Speech from John Paul II During the Welcoming Ceremony
SEPTEMBER 9, 1984
Your Excellency the Governor General of Canada,
Your Grace the President of the Canadian Conference of Catholic Bishops,
Your Grace the Archbishop of Quebec,
Dear Brothers in the Episcopate,
Your Excellency the Lieutenant Governor of Quebec,
Mr. Prime Minister,
Mr. Premier of Quebec,
Mr. President of the Quebec Urban Community,
Your Honour the Mayor of Quebec,
Your Honour the Mayor of the City of Sainte-Foy,
All you dignitaries and civil and religious authorities of this country,
“May God our Father and the Lord Jesus Christ send you grace and peace”
(1 Cor 1,3).
Before speaking to those whom you represent I would like to express my heartfelt gratitude to her Excellency the Right Honourable Jeanne Sauvé. Madame, I cannot take up here the various points of your speech. We will have another meeting in Ottawa. But I would like to say even now how deeply I have been touched by your words. Their sensitivity and dignity, the precise perception that you have of the meaning of my apostolic mission in the world, your profound insight into my pastoral intent in Canada, your touching evocation of the Canadian people, your exacting and warm words concerning the destiny of this dear country. The personal witness that you give within the framework of your high office, all this constitutes for me the best possible message of welcome and at the same time a powerful encouragement to begin with confidence the various stages of my pilgrimage in your native land. Please accept my most sincere thanks.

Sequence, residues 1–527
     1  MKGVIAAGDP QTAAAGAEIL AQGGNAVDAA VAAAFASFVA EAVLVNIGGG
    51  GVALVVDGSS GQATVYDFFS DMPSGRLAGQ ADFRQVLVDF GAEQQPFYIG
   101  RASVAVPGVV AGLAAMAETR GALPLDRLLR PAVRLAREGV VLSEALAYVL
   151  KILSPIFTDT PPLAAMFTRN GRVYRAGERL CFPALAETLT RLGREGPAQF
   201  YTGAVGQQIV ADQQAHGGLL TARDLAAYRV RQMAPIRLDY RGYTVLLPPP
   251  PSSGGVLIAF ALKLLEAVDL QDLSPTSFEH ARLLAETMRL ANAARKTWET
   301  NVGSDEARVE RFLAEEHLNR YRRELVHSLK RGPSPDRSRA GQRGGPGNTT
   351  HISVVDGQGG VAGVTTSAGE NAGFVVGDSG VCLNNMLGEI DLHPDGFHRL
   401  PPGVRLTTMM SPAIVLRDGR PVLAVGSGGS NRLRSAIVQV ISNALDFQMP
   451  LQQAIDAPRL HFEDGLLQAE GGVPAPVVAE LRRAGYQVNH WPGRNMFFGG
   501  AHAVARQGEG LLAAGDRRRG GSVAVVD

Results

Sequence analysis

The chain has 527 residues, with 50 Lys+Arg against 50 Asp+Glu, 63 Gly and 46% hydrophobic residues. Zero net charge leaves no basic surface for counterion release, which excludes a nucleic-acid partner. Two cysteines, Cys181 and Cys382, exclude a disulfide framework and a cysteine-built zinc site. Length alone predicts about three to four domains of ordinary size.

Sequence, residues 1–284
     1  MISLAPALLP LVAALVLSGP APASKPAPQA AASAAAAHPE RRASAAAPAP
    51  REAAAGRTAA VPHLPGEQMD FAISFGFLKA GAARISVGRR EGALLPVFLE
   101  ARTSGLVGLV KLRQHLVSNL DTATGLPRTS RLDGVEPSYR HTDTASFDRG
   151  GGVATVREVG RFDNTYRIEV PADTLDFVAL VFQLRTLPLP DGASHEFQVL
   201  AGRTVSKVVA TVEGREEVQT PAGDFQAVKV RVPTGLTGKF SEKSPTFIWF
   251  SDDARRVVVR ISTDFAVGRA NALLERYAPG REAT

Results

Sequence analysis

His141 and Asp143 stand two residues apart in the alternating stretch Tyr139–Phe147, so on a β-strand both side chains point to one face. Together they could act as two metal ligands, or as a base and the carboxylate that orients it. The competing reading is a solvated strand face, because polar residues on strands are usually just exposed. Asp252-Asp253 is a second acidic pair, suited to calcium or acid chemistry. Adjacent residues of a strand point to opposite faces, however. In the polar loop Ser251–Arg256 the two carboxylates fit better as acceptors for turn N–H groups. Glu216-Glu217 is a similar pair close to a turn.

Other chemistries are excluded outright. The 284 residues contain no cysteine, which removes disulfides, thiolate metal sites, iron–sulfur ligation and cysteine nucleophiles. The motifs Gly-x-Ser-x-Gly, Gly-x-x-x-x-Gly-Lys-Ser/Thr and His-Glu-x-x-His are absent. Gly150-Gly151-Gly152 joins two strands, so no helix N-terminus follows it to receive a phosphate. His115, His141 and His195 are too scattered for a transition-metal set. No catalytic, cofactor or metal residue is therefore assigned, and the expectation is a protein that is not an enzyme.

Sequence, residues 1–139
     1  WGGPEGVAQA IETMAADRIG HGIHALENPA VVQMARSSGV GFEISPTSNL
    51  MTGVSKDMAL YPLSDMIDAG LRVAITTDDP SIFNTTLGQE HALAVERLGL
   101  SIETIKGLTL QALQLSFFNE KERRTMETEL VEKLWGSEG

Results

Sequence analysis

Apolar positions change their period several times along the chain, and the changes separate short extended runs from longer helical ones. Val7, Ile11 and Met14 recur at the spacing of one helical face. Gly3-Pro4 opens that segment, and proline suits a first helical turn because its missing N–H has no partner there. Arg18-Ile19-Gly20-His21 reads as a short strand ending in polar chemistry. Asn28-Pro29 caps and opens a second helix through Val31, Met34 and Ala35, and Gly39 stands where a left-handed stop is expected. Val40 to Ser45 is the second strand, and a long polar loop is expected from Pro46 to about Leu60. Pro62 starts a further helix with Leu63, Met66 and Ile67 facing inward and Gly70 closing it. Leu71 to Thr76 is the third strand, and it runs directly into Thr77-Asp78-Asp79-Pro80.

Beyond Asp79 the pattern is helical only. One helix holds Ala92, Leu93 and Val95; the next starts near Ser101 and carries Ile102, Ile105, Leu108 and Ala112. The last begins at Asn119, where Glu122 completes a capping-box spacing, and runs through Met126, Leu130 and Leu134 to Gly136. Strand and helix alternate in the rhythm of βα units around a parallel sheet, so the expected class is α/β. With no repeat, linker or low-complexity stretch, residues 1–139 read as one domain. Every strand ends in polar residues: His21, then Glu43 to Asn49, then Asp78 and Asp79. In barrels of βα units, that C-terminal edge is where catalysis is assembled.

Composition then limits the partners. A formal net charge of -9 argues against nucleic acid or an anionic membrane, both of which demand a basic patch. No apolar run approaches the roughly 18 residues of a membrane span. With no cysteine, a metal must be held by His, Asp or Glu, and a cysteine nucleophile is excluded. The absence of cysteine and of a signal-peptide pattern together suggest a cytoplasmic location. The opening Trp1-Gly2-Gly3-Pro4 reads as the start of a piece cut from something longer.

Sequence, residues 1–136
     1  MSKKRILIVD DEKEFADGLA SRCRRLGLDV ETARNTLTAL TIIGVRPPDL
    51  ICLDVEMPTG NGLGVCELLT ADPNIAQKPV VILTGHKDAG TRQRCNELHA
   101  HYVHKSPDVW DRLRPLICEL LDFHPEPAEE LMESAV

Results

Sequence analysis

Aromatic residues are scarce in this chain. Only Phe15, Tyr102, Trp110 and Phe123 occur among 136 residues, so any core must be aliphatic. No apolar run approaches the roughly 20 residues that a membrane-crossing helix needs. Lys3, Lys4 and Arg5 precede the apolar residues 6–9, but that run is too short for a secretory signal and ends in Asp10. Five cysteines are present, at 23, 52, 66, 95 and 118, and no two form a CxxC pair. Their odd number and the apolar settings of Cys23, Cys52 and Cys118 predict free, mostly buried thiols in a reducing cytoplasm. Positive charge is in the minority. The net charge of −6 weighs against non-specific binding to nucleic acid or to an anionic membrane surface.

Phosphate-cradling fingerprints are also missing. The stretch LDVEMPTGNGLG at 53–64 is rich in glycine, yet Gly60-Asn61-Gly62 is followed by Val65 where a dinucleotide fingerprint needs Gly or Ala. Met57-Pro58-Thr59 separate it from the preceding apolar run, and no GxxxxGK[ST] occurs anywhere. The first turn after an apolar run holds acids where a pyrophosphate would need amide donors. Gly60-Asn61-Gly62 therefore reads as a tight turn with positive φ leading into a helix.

Greetings to you, people of Canada, in the diversity of your history, of your cultures, of your provinces, of your regions.
In this vast country that is Canada, it is at Quebec that I begin my pilgrimage, and I am very happy to do so. I greet you, Quebec, first church in North America, first witness to the faith, you who have raised the cross along your roads and who have spread the Gospel throughout this blessed land.
Greetings to you, people of Quebec, whose traditions, language and culture give your society such distinctive features in North America.
Greetings to you people of this country, Amerindians, people of French and English origin, immigrants from throughout the world who live here alongside one another, making your way together and sharing the difficult but exciting path of history.